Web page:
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Open Access Research article

Did the post war repatriation of Lebanese physicians drive recent Lebanese medical graduates to emigrate? An observational study

Elie A Akl12*, Khalil El-Asmar3, Nancy Maroun4, Salim M Adib5 and Beatrice Khater-Menassa6

Author Affiliations

1 Department of Medicine, University at Buffalo, Buffalo, USA

2 Department of Social and Preventive Medicine, University at Buffalo, Buffalo, USA

3 Department of Epidemiology and Population Health, American University of Beirut, Beirut, Lebanon

4 Department of Sociology, University at Buffalo, Buffalo, USA

5 Department of Family Medicine, Saint Joseph University, Beirut, Lebanon

6 Department of Family Medicine, American University of Beirut, Beirut, Lebanon

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BMC Health Services Research 2008, 8:195  doi:10.1186/1472-6963-8-195

Published: 24 September 2008

Abstract

Background

A significant number of Lebanese medical graduates have emigrated from Lebanon. The objective of this study was to evaluate the hypothesis that the repatriation of Lebanese physicians educated abroad has contributed to the international emigration of recent Lebanese medical graduates.

Methods

We analyzed the demographic and educational characteristics and the year of registration of physicians registered with the two physician associations in Lebanon as of 2007. We then analyzed the number of new and total registrants and the physician density for the years 1977–2006. Finally we calculated the percentage of Lebanese graduates of the years 1977–2006 registered as of 2007.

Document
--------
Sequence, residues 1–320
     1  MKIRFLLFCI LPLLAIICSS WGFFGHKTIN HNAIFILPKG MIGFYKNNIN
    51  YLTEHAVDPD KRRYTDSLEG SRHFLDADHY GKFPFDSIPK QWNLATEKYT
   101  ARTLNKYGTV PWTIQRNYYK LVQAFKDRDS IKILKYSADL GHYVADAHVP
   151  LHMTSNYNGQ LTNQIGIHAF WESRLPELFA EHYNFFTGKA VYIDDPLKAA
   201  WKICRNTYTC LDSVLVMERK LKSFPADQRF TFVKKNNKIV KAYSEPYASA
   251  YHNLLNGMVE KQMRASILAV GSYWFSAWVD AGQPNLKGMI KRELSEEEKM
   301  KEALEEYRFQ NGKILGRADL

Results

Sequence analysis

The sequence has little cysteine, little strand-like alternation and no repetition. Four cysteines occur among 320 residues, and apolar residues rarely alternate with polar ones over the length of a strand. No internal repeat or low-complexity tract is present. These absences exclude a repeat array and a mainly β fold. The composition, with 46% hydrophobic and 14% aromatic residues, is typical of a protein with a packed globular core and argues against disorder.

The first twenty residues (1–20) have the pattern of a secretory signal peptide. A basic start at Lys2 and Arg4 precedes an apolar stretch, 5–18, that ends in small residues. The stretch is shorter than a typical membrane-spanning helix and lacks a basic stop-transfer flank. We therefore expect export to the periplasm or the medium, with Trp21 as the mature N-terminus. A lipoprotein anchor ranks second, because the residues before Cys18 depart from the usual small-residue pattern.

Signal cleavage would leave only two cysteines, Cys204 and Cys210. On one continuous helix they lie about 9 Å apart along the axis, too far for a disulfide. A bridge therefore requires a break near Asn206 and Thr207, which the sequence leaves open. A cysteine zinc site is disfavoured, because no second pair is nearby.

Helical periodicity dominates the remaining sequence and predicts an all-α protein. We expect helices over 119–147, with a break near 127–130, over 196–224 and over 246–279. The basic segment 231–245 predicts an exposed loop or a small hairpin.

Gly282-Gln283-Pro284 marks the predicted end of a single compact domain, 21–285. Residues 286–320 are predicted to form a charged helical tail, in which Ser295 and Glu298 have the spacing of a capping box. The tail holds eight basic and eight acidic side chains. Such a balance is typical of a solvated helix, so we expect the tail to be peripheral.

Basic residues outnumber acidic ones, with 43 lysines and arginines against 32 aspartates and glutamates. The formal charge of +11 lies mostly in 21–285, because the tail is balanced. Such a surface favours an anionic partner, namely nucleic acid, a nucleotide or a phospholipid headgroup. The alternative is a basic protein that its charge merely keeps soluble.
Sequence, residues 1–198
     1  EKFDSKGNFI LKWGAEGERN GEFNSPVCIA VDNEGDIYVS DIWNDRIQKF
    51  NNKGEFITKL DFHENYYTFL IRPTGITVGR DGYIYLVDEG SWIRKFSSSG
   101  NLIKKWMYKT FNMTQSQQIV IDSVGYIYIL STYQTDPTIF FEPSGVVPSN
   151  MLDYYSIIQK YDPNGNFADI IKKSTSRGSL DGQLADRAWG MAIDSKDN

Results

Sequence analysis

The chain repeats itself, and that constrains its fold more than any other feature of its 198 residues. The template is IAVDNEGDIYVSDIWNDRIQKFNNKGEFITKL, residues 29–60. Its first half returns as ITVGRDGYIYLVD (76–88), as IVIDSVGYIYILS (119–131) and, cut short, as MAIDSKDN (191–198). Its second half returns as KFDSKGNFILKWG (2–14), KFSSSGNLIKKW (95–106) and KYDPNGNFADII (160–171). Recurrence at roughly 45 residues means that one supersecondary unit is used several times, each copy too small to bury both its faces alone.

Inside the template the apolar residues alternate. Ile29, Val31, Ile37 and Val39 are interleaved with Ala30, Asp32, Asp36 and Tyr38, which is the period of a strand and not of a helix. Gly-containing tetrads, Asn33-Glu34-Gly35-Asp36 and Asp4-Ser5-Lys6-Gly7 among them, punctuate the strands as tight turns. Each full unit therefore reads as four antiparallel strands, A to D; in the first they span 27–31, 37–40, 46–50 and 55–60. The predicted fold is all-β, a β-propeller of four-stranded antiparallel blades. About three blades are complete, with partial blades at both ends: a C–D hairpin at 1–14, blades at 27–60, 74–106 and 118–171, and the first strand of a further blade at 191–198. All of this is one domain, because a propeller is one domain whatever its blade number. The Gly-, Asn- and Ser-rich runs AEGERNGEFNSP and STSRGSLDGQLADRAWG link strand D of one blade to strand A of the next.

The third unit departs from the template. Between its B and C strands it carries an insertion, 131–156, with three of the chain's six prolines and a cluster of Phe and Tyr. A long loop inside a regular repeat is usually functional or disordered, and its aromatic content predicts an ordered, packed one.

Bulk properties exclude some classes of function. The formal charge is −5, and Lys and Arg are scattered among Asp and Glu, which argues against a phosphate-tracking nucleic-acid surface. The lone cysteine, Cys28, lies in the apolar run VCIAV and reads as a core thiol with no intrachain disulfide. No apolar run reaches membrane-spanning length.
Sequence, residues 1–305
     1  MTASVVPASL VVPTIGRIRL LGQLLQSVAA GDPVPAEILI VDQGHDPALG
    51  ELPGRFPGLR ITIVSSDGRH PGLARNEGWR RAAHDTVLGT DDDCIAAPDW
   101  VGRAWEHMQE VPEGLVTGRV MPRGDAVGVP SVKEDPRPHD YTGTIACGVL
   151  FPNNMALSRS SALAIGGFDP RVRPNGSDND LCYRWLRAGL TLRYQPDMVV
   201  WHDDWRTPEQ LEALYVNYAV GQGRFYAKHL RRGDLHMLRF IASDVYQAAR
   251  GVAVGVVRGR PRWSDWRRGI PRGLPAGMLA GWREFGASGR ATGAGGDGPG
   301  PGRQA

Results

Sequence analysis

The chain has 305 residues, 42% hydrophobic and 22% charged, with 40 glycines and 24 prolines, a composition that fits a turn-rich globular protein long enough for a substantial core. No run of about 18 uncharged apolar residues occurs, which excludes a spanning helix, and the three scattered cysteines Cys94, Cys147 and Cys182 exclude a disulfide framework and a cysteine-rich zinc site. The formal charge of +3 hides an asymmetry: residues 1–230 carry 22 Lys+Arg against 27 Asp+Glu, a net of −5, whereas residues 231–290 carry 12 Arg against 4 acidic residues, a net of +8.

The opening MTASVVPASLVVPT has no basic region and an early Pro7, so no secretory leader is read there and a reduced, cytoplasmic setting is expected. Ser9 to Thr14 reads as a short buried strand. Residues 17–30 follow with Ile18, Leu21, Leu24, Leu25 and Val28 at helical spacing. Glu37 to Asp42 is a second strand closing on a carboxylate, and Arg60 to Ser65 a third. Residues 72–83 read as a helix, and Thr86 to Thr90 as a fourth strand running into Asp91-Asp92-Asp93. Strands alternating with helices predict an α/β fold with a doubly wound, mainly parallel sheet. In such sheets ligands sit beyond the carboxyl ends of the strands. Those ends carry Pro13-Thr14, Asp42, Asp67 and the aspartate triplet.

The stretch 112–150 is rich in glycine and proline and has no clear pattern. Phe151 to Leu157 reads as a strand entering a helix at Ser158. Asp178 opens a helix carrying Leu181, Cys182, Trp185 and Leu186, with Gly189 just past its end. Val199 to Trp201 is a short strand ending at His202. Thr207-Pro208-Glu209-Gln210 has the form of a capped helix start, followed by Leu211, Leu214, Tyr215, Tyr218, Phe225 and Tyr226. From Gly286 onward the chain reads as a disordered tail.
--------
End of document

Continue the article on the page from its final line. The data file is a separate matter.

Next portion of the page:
Results

As of 2007, 10,918 physicians were registered in Lebanon. Most were male (80.4%) and graduated from either Lebanese (36.4%) or Eastern European (30.6%) medical schools. The top three regions of specialty training were Western Europe (31.8%), Eastern Europe (28.4%) and Lebanon (25.7%). About half the physicians registered with the Lebanese Order of Physicians as of 2007 joined during the 1990s decade; only 26.2% of these graduated from Lebanese medical schools during that decade. The number of new registrants increased dramatically in the early 1990s and started decreasing in the early 2000s. About 60% of Lebanese medical graduates of the years 1977–2006 were registered in Lebanon as of 2007. Categorizing Lebanese medical graduates by their year of graduation, the percentage registered in Lebanon as of 2007 showed a "dip" for those who graduated in the early 1990s.

Conclusion

The high number of physicians educated abroad returning to Lebanon after the end of the civil war may have driven recent Lebanese medical graduates to emigrate.